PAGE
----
Plaintiff: Robin Robinson

Defendant: D.C. government

Damages Sought: Compensatory and exemplary damages, legal fees ‚other unspecified relief

Complaint: Four inmates had a great idea. They would smuggle a gun into jail, shoot one another, then tell the guards that an unknown gunman had done it. This would put them in position to sue the D.C. government for negligence. Robinson, who had been transferred from federal prison, wasn’t at all part of the scheme. He just heard the gunshots. As he started toward his cell for safety, though, he couldn’t get in: One of the conspirators was lying in front of it, bleeding from his lower body. Then another inmate with a gun came out of nowhere and pistol-whipped him. Robinson took blows to the eye and the right side of his face before he went down. The gunman walked away.

Quality of Representation: Fair to good. The amended complaint, by attorney James Quincy Butler, is a big improvement on Robinson’s original. Where Robinson had simply written that he got attacked and has nightmares, Butler provides context. He even uses a U.S. Attorney’s press release to lay out the phony-lawsuit scheme. Smart move: The flack’s sentences are better than Butler’s own.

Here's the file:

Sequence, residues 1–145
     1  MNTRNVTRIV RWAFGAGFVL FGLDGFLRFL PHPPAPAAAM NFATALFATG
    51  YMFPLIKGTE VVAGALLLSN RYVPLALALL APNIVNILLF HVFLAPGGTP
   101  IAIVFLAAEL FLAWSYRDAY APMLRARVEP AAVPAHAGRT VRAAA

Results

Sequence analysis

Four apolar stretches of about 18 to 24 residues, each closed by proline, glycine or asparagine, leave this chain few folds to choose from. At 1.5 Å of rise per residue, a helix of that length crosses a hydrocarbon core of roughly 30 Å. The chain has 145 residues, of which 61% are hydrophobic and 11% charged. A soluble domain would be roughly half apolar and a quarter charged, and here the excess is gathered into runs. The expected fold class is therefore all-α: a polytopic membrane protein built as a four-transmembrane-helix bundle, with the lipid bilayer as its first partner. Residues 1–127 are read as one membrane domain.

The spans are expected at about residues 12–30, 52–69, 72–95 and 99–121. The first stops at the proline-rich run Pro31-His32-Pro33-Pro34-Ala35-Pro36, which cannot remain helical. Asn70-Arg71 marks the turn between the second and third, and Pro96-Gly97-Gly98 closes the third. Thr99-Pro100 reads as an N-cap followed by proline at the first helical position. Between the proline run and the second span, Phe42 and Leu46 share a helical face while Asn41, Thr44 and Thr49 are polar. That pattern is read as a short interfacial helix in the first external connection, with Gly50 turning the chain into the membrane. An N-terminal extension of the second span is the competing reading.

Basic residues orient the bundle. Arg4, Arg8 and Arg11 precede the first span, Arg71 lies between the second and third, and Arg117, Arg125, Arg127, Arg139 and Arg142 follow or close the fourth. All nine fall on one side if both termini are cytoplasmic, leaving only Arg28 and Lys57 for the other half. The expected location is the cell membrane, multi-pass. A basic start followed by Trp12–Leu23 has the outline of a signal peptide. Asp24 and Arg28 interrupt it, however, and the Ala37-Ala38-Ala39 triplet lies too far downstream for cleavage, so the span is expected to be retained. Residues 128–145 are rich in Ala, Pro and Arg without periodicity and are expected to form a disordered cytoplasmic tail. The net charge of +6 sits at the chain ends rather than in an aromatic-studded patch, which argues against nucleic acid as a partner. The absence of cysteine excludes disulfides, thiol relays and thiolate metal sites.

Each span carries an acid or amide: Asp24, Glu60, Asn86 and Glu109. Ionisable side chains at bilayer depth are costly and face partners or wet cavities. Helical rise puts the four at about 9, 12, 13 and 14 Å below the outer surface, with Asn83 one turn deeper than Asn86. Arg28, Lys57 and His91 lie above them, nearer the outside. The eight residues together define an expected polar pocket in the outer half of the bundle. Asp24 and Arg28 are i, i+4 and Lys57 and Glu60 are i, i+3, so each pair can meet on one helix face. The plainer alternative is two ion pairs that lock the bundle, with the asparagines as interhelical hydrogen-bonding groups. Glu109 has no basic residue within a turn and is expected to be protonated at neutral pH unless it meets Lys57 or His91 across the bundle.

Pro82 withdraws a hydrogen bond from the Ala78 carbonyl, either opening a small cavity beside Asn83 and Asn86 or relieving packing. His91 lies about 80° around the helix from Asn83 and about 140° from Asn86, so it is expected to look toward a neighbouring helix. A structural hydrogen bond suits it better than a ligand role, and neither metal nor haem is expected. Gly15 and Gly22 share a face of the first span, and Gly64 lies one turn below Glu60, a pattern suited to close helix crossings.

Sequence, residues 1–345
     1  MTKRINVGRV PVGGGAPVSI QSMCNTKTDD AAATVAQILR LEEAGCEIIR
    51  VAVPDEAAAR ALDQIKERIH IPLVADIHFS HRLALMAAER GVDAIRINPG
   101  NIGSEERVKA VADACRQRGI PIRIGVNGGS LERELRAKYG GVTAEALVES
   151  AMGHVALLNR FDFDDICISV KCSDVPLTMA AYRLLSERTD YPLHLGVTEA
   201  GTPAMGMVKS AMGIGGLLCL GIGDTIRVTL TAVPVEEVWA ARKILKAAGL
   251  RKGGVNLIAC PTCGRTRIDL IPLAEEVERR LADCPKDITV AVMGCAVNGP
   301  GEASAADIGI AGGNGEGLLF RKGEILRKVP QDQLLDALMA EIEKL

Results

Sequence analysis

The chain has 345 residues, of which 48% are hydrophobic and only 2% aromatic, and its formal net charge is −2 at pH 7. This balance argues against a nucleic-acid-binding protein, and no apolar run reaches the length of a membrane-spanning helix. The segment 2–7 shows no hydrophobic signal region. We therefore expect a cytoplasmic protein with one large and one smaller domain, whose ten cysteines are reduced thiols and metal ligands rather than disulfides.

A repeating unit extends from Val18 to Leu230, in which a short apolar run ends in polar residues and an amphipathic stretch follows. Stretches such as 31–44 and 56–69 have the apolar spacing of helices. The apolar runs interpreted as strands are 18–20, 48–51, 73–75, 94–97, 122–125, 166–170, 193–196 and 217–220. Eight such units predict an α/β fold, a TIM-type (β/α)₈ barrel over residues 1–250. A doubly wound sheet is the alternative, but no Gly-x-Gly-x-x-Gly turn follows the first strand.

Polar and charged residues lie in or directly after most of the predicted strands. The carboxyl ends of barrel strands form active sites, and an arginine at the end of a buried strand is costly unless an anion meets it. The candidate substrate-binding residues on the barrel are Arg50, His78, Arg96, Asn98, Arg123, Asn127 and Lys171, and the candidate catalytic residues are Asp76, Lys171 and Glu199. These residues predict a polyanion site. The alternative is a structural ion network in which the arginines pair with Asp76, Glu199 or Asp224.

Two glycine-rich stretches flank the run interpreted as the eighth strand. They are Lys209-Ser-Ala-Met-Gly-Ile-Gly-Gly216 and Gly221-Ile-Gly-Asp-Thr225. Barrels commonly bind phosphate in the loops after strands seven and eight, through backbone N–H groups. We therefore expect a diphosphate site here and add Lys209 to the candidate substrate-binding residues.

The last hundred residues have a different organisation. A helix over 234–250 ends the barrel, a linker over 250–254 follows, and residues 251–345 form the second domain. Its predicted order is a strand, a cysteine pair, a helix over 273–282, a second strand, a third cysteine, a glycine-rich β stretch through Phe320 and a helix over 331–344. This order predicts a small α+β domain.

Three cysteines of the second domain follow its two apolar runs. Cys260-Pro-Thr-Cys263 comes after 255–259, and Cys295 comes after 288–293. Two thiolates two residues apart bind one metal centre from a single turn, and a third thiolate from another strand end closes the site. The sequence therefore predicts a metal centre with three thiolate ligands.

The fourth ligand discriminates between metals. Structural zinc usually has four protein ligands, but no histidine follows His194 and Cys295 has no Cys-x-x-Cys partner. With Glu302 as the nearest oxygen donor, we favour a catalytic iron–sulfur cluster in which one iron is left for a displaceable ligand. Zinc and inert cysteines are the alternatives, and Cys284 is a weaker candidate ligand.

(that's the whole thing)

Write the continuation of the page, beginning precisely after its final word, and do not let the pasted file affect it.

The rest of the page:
Summary Judgment: Wait a second….So some inmates hatch a scheme to sue the jail for negligence. Then they hurt Robinson. Now Robinson sues for negligence. Forgive us our skepticism. But, then again, there’s a reason those inmates concocted a conspiracy to take the D.C. Jail to court. So long as its inmates stab one another with impunity, escape without trouble, or die without proper medical attention, we have no choice but to consider as valid complaints as ridiculous as this one. Judgment for plaintiff.